We got a taxi to our hotel which was the perfect location - just off khoa San road. We had a great time in Bangkok, shopping, eating, sightseeing and drinking. We got tuk tuks around the city to see all the sights and on Khoa San road we had our first bucket which turned into a very messy night and a very bad hangover - the drunkest I had been since being ill. We then left on a night bus to ko Samui to meet Lis and Megan. The bus was a nightmare , I only slept for about an hour, we were both in hangover hell and when we had to get on a boat to the island we didn’t have any water or sun cream which meant we got sun burnt and embarrasingly, less than an hour into the crossing I started to be sick. I had heat exhaustion and it carried on until the next day. I hardly got to see any of Ko Samui but I learnt my lesson, drink plenty of water and wear suncream!
Full moon party!
Now we were with the girls we went to koh Phagnan for the Full moon party! Initially I was worried that it would be very manic and over rated - a bit like new years eve but I had the most incredible night. It was after this beach party that I realised how care free I felt. For the first time in 18 months I wasn’t worried about anything. Perhaps seems weird being in a different country and feeling like that but I was just having an amazing time with my friends and I was relaxed. We rented a jeep on this island and went chasing waterfalls, they were all dried up so in the wise words of TLC i would suggest ‘Don’t go chasing waterfalls’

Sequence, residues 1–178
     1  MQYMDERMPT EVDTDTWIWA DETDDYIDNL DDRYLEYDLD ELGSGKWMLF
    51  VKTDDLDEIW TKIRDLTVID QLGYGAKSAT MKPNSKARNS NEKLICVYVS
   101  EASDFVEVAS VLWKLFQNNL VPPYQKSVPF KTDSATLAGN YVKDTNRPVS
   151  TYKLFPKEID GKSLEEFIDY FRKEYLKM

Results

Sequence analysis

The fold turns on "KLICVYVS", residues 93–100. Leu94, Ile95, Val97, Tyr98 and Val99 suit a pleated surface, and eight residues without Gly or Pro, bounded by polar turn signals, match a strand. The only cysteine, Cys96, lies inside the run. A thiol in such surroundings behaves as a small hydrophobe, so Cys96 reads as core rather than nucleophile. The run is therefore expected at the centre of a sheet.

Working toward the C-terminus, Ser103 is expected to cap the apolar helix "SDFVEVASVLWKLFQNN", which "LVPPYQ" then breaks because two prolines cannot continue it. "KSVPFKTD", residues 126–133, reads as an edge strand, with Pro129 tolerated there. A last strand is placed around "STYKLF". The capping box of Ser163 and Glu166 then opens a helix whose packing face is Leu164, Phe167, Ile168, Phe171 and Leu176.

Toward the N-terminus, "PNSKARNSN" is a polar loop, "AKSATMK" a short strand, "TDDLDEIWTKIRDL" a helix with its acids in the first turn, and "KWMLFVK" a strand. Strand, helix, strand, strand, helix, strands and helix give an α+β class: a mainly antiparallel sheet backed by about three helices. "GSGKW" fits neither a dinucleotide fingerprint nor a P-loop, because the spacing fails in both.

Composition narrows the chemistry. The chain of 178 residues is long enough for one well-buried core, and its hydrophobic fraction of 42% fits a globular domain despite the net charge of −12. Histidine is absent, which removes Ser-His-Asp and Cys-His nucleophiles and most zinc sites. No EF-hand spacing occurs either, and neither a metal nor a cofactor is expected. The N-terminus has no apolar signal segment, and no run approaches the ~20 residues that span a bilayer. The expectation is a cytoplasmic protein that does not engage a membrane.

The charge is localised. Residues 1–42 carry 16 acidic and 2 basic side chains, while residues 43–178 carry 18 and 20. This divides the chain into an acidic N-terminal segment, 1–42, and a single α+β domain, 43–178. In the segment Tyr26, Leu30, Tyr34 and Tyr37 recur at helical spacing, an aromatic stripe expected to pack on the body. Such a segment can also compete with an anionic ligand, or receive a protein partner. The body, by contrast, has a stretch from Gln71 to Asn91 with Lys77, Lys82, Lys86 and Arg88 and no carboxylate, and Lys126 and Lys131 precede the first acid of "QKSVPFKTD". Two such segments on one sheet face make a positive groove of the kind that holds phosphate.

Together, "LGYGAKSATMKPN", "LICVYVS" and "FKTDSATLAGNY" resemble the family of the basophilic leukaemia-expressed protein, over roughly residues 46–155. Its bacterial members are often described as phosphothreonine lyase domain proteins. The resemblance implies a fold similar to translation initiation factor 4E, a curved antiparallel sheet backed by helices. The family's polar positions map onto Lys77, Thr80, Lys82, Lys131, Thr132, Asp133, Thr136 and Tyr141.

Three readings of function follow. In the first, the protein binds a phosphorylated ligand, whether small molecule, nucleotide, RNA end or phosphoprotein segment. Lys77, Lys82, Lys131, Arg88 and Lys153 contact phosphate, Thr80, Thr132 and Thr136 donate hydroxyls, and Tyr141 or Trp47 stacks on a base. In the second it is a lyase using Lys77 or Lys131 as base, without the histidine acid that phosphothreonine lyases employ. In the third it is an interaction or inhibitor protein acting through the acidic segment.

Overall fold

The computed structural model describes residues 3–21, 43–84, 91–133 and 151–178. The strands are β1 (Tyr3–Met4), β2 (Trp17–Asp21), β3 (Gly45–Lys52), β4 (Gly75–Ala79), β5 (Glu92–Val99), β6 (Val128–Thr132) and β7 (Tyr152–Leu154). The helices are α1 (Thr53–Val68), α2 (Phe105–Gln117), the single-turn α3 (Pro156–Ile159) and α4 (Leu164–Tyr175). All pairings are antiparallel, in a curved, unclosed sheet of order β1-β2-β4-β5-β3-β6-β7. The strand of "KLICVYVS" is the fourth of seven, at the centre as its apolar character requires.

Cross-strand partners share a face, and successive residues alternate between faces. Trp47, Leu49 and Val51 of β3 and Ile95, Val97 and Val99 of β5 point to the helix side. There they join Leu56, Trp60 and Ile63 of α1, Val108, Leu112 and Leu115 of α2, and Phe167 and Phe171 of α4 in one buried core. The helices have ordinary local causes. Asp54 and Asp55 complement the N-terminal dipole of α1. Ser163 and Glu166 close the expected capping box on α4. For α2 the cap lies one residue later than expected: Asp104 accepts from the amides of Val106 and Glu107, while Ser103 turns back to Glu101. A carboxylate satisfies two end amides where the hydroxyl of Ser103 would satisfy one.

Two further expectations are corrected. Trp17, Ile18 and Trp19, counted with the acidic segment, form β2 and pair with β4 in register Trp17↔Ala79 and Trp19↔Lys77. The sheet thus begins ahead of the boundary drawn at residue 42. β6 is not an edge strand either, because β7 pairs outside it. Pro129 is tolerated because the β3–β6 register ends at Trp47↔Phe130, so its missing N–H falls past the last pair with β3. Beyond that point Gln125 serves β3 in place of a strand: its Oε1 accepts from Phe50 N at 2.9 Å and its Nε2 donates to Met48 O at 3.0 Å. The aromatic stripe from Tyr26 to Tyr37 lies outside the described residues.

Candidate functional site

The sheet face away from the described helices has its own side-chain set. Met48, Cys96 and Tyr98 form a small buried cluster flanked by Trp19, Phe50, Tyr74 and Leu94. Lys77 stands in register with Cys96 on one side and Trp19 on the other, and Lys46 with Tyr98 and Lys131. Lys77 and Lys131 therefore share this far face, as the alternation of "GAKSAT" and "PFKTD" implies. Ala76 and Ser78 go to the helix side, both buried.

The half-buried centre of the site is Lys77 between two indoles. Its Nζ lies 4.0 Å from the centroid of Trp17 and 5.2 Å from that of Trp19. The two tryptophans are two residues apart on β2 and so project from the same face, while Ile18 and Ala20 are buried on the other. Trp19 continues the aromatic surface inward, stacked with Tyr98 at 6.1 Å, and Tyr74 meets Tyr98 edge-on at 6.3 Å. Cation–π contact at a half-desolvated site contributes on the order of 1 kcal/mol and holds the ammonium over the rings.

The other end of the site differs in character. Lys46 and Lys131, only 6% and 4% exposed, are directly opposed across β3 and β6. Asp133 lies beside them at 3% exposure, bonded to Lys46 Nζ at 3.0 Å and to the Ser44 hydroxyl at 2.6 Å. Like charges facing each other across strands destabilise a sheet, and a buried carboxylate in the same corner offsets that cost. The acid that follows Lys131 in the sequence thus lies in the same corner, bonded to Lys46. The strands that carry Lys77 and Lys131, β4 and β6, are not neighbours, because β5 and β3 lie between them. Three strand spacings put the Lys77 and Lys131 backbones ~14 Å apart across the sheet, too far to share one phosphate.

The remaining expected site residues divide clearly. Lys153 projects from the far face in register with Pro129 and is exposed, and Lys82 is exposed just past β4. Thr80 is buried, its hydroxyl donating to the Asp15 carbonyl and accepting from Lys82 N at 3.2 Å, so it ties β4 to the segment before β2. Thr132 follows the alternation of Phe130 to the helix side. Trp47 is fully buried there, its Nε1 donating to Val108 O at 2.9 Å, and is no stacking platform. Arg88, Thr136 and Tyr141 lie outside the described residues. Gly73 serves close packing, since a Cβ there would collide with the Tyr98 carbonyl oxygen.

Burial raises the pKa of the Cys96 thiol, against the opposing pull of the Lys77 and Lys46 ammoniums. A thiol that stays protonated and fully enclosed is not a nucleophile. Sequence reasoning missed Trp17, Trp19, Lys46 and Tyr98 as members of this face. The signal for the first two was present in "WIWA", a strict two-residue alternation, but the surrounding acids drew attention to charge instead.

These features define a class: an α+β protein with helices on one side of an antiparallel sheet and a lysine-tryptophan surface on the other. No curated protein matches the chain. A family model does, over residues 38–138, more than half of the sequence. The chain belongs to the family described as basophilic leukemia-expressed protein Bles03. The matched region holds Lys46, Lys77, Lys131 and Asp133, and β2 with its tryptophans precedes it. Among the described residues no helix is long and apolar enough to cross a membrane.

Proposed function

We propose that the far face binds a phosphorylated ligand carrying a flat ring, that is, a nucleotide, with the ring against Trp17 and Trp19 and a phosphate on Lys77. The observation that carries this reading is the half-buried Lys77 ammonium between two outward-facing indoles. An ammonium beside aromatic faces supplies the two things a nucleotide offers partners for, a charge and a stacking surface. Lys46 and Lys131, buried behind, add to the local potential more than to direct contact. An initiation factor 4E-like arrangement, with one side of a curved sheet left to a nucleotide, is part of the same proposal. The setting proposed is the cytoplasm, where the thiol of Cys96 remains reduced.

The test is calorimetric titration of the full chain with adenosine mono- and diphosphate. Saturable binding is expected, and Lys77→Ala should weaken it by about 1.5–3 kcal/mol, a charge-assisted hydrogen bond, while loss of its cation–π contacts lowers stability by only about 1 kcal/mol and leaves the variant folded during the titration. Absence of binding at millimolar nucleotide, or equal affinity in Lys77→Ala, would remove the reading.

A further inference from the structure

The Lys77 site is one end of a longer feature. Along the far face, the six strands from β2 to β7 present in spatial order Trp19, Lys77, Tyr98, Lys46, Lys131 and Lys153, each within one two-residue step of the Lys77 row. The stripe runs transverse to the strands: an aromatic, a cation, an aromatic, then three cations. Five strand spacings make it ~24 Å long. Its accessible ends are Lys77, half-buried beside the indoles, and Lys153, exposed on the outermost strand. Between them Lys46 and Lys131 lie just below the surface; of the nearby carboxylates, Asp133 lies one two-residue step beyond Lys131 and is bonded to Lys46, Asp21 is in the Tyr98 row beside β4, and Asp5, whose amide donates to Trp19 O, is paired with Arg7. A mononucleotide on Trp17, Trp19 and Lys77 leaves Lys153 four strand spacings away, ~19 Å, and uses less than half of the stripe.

From Koh Phagnan we went to Ko Tao we instantly fell in love with this island, we sunbathed on the beach and swam in the sea, Lis went on a scuba diving course with her dad who flew over and we decided to do a day trip snorkelling. When we booked it, I said to the girls, ‘I don’t know if i’ll be able to snorkel but if not I’ll just sit on the boat’ I had no idea that snorkelling would end up being the easiest part. When we arrived at the boat the only way to get on it was by stepping down the side of a wall onto a tyre that was hanging from it and floating around in the sea and step onto the boat as the boat hit the tyre. I was watching all these fully able people get on the boat and knew there was no way I could manage it safely. I had just decided to go back to the hostel when a thai man said ‘no no we’ll get you on’ I was a bit sceptical but figured why not but when they put me on the back of a pick up truck i didnt know wether I should laugh or cry. They drove it to the edge of the pavement where the drop down to the boat was and lowered the back of the truck, (i should mention the boat had a roof) before I knew it the boat bashed into the truck and I was stepping onto the boat into the arms of two thai man who dragged me across the boat to a hole with a ladder to climb down, as I got to the steps a boy who we had met on the beach and been with on way there was making his way up to see if I needed any help, it was very nice to know that someone I barely knew was so willing to help me out, these boys would quickly become our island buddies, one of them would soon tell me i was the most impressive person they’d ever met, it felt amazing for someone to say something so kind and to know that they meant it. When it came to snorkelling it was suprisingly easy, of course I wore a life jacket (im not stupid) and Megan stayed with me practically the whole time. We had lots of fun and saw lots of pretty fish and I felt incredible. I know I wouldnt have been able to do this if I hadn’t asked and asked and asked my physios to get me back in the pool and I am incredibly proud of myself for always fighting for what I think is right for me on my road to recovery.